I have a very unreliable connection which disconnects quite frequently and becomes a massive problem when downloading, as the option to resume is not always available.

The solution that comes to my mind is to prevent processes to know about the disconnection while I am reconnecting so that downloads do not fail.

How can I do this? (I am running Linux)


I think you can not do that. Processes (applications) have their own connections. Usually if your connection (ie. PPP) goes down, these other connections are also interrupted. However, these connections being managed by each application in part, you may want to look for some 'timeout' options in those application's settings. It may help to increase the timeout.

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Applications already do this. The only time your connections will be severed is if the TCP timeout expires, or your IP changes.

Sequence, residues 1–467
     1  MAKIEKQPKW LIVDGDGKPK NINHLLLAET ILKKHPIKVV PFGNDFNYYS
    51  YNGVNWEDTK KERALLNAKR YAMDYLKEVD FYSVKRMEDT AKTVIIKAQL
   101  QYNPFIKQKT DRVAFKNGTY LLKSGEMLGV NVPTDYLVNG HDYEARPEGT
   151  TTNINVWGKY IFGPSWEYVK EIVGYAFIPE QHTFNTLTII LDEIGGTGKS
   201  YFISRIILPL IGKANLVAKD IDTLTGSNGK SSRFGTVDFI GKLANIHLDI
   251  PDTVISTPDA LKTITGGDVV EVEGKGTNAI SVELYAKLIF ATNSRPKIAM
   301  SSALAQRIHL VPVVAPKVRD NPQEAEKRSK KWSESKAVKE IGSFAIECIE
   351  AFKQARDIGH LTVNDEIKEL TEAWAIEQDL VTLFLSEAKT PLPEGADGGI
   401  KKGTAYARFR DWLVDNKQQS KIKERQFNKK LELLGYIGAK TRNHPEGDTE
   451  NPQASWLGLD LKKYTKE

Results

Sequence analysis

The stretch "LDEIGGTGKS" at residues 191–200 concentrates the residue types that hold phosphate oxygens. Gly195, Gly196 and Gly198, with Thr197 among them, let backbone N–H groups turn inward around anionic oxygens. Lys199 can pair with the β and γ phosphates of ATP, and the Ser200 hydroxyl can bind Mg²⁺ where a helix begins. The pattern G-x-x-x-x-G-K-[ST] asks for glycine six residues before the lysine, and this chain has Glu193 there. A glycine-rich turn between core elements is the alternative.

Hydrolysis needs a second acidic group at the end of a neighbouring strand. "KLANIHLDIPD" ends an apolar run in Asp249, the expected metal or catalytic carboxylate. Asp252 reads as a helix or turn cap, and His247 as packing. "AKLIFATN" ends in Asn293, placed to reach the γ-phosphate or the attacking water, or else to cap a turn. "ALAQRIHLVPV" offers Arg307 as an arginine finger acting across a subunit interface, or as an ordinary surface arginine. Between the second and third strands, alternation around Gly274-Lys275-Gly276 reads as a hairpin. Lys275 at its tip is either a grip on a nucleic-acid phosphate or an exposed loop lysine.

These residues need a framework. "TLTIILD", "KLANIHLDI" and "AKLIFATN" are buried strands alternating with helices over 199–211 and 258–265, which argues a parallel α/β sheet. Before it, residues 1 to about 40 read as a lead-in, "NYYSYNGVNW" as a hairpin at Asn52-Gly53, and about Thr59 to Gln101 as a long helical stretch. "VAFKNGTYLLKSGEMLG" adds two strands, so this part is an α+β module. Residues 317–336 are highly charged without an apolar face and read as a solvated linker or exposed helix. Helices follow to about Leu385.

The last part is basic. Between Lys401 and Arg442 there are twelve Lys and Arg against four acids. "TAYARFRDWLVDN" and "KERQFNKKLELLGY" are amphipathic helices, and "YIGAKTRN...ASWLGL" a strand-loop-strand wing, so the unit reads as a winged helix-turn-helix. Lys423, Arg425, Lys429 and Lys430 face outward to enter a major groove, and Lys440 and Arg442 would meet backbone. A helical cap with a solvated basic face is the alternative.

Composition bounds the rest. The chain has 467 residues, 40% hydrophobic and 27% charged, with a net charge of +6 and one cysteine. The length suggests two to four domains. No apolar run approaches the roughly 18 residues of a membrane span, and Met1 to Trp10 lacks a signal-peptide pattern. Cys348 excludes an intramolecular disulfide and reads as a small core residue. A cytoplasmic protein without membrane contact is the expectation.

You can adjust the TCP timeout, but the method varies based on which OS youre using (linux/solaris/bsd/...).
If your IP changes, then youre out of luck. TCP uses the IP address to maintain the session, if that IP changes, the session is no longer valid and is terminated.

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  • I am using Linux (Ubuntu 11.10), how to adjust TCP timeout in it? – Ankit Jan 18 '12 at 5:23
  • You can do look at /proc/sys/net/ipv4/tcp_retries to see what its currently at, and echo a new value to that file to set it echo 15 > /proc/sys/net/ipv4/tcp_retries. However this will clear on reboot. I dont know ubuntu, but I'm assuming it has the /etc/sysctl.conf file where you can set this permanently. Note however that applications can set their own internal timeout. If they do, this wont help anything. – Patrick Jan 18 '12 at 15:29
  • There are actually two files there with names - tcp_retries1 and tcp_retries2`. And it takes my approx. 3 minutes to reestablish connection, so how many retries would work? – Ankit Jan 19 '12 at 5:29
  • Ooops, i meant to say tcp_retries2, sorry. tcp_retries1 is not what you want. And the value is hard to calculate, just try increasing it from what it already is and see if it helps. – Patrick Jan 19 '12 at 13:04

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